An inquest into Duggan's death was opened at north London coroner's court on Tuesday. The coroner, Andrew Walker, adjourned the hearing to 12 December and offered his sympathies to Duggan's family.

"As members of the family will know, in due course there will be an inquest touching the death of Mark Duggan and this is the first stage in that process, he said. "Of course, as well as offering our deepest sympathies, I would like to reassure members of the family that we will be working closely with Mr Duggan's family and the IPCC throughout the process."

After the hearing, the family said they were "distressed" by the rioting in the wake of his death. In a statement on their behalf, Helen Shaw, from the organisation Inquest, said: "The family want everyone to know that the disorder going on has nothing to do with finding out what has happened to Mark. They also want people to know they are deeply distressed by the disorder affecting communities across the country."

Jan Klimkowski
08-09-2011, 06:50 PM
Here (http://http://www.ipcc.gov.uk/news/Pages/pr_090811_dugganupdate.aspx) is the full Independent Police Complaints Commission update on the shooting of Mark Duggan:

Update on Mark Duggan investigation including details of ballistic tests

9th August 2011

The Independent Police Complaints Commission’s investigation into the circumstances surrounding the fatal shooting of Mark Duggan is continuing today, with investigators examining statements, as well as analysing results of forensic tests and awaiting further results.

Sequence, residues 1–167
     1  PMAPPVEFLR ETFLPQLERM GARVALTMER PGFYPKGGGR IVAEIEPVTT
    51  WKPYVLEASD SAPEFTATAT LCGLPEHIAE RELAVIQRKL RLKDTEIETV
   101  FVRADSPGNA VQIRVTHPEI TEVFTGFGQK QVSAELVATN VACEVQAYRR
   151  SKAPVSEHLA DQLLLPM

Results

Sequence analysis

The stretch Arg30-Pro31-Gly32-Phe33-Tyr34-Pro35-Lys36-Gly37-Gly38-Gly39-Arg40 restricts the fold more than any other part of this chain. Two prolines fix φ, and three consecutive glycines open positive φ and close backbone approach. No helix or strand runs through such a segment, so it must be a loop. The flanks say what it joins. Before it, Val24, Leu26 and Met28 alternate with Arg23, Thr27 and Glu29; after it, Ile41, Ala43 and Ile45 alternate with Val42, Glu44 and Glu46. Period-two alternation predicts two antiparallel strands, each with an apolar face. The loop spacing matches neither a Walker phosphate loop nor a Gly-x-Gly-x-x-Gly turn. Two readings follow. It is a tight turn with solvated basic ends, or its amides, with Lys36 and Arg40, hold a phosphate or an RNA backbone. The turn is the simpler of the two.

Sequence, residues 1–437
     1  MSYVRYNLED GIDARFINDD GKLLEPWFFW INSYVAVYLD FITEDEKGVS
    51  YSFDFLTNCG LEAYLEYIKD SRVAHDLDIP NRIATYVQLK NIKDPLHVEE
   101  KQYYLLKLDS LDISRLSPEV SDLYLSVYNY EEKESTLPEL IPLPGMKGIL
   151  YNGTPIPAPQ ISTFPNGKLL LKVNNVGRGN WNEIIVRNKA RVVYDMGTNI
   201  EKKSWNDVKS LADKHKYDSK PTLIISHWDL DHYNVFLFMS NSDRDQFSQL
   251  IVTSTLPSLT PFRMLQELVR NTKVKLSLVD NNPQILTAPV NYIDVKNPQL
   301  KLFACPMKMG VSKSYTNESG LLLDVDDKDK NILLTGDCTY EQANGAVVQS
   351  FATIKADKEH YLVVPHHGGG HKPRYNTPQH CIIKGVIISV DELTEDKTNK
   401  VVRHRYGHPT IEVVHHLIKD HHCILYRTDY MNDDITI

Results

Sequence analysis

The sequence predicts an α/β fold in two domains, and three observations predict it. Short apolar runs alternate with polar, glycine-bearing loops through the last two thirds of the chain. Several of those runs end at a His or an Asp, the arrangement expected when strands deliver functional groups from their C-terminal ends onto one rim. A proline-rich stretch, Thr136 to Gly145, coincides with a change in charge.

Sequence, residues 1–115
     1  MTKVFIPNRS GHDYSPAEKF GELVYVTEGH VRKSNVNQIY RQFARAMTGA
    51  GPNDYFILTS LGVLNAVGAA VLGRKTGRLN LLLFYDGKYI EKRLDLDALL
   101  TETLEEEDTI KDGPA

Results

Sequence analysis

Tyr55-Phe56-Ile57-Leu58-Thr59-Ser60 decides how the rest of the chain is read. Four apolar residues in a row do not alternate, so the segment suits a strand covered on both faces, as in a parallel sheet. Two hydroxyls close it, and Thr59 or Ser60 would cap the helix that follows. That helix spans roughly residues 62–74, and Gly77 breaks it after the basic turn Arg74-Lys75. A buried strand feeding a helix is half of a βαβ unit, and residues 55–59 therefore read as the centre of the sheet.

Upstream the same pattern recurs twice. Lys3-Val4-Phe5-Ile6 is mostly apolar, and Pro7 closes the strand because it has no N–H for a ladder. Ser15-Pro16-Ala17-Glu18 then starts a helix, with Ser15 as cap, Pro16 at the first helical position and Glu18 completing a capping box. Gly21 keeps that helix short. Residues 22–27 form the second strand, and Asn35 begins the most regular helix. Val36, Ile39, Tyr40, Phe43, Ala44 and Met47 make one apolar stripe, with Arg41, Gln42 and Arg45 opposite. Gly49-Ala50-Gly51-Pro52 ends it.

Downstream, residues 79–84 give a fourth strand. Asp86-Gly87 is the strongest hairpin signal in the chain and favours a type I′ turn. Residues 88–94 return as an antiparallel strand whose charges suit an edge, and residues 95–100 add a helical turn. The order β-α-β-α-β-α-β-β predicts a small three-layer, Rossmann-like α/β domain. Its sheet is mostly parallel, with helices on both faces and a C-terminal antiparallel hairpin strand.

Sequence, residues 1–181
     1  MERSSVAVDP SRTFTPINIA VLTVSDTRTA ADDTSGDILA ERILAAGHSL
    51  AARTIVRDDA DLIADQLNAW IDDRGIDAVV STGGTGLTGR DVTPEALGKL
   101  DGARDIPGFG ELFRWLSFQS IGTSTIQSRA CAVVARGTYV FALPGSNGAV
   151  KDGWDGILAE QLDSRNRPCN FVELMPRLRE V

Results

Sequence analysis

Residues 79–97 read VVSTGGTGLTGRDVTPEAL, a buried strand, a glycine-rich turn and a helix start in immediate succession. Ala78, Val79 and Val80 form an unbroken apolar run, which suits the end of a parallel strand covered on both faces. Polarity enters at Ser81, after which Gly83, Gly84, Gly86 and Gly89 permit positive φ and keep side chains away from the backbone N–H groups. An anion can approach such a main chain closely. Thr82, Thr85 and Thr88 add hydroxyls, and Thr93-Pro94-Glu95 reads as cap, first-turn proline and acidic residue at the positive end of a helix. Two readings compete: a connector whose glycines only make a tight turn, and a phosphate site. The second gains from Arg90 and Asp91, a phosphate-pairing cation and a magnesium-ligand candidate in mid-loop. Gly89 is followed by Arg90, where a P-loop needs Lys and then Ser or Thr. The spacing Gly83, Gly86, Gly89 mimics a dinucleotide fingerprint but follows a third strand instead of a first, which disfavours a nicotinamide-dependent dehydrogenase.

The IPCC is carrying out a full CCTV trawl of the area, as well as CCTV from buses in the area at the time. Our investigators will be examining recordings of radio transmissions from both police and London Ambulance Service, including 999 calls with a view to tracing further witnesses. We will also be examining any intelligence and surveillance material leading up to the planning of the operation.

At this stage, it has been established that at approximately 6.15pm on Thursday 4 August 2011, officers from the Metropolitan Police Service’s Operation Trident and SCD 11 accompanied by officers from the Met’s Specialist Firearms Command (CO19), stopped a silver Toyota Estima people carrier minicab in Ferry Lane, close to Tottenham Hale tube station in Tottenham to carry out an arrest.

Mark Duggan was a passenger in the minicab. What happened next is subject to the independent investigation.

Two shots were fired by one CO19 firearms officer.

Paramedics from London Ambulance Service (LAS) attended along with medics from the Helicopter Emergency Medical Service (HEMS) but Mr Duggan was pronounced dead at scene at 6.41pm.

A non-police issue handgun was recovered from the scene.

A post mortem examination concluded that Mr Duggan was killed by a single gun shot wound to the chest. He also received a second gunshot wound to his right bicep.